Friday, 22nd May 2009
In General Japan News,
Record breaker aims for space
A Japanese engineer who broke the world record for the longest flight of a paper aeroplane wants to take his passion to another whole level.
Takuo Toda, chairman of the Japanese Origami Airplane Association, entered the record books when his plane stayed aloft for 27.9 seconds in Hiroshima Prefecture.
However, he told the Telegraph his next step is to launch a paper plane from space.
"If it is proven that a paper plane can re-enter the Earth's atmosphere and glide back down safely then the scientific community could gain very valuable data about aerodynamics," Mr Toda commented.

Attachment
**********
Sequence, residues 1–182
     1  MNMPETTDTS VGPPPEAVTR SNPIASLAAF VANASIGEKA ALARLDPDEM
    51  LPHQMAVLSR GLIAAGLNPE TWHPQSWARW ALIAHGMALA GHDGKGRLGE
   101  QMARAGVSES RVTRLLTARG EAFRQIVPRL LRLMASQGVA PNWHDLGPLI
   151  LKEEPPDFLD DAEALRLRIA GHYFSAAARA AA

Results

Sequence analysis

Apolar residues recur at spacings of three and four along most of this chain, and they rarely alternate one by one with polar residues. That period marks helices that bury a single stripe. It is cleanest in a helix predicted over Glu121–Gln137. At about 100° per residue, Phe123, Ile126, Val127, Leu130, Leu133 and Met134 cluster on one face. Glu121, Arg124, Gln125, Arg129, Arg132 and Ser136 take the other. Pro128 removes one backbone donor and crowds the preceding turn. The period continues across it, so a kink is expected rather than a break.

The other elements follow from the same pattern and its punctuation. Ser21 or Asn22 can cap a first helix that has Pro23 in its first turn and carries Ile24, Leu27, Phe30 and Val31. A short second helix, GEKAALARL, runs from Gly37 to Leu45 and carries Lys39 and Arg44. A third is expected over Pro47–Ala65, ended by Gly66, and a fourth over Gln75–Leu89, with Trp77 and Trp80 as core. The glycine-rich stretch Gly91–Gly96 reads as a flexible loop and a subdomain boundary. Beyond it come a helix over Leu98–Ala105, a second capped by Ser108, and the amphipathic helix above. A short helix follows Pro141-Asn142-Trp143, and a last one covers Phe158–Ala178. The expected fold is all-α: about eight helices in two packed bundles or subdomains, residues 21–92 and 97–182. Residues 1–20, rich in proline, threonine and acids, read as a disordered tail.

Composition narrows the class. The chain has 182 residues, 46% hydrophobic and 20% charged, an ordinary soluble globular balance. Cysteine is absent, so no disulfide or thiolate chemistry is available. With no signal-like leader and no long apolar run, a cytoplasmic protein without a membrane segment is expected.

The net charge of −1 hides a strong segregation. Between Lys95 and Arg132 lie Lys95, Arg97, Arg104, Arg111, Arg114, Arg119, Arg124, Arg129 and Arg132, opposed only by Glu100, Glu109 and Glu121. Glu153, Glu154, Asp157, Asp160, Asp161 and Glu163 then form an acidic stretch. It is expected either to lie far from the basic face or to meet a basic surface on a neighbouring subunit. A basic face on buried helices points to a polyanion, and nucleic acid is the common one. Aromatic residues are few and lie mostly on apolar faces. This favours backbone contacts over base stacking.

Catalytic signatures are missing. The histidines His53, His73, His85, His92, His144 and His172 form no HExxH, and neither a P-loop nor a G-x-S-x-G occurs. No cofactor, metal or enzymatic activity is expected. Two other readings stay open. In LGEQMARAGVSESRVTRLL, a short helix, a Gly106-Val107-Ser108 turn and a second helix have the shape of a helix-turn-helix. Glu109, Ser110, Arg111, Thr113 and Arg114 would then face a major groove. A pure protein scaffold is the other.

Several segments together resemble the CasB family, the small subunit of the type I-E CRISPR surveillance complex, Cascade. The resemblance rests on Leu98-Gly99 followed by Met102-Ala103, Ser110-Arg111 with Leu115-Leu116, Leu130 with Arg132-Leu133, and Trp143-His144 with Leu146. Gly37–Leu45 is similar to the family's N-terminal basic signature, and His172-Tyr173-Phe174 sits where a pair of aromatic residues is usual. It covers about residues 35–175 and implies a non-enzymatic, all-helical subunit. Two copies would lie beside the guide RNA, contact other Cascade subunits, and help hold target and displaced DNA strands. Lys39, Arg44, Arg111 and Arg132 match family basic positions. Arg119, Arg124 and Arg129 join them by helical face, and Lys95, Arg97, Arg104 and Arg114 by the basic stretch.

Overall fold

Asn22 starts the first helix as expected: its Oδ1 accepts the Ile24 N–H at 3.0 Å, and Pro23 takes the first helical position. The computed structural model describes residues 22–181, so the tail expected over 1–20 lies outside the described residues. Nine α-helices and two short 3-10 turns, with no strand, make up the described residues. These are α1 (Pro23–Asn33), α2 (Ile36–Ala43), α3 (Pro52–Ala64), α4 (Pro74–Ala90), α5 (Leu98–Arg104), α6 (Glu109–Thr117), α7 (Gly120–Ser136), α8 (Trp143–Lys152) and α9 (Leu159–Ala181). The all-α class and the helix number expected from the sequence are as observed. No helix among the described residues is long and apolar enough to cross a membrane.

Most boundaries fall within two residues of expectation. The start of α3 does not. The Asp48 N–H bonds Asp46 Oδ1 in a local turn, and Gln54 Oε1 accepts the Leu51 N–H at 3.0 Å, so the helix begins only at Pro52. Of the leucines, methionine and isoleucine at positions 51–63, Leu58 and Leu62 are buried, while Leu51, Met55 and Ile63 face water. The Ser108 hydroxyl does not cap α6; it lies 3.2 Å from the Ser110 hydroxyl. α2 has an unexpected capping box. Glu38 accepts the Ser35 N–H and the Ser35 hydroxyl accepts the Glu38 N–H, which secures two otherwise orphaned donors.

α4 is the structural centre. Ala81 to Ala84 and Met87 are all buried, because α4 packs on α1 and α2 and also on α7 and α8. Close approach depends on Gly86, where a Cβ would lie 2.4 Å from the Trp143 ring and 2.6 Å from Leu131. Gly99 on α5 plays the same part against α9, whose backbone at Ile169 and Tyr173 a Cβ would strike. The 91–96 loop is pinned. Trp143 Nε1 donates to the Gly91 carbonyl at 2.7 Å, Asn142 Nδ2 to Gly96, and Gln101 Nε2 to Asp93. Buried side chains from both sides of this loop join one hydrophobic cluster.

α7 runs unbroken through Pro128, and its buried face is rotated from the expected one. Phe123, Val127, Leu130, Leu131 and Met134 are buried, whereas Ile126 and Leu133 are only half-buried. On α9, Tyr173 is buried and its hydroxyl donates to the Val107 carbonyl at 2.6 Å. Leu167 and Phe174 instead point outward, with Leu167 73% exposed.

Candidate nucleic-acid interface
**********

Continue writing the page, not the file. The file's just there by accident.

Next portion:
He believes that if successful, the information could be used to improve spacecraft design in the future.
The Japan Times Online said Mr Toda, 52, broke the 11-year-old paper plane record when his creation stayed in the air for three seconds longer than the previous best time, achieved in the USA in 1998.
Ken Blackburn set the previous record in Atlanta, Georgia, on his tenth official throw.
Related news stories:
Japanese sushi restaurant breaks record with £470,000 tuna (5th January 2012)
Suzuki breaks Major League Baseball record (15th September 2009)
Japan sets Twitter record (10th January 2011)
Japanese computer geek sets new pi record (6th August 2010)
Record breaker aims for space (22nd May 2009)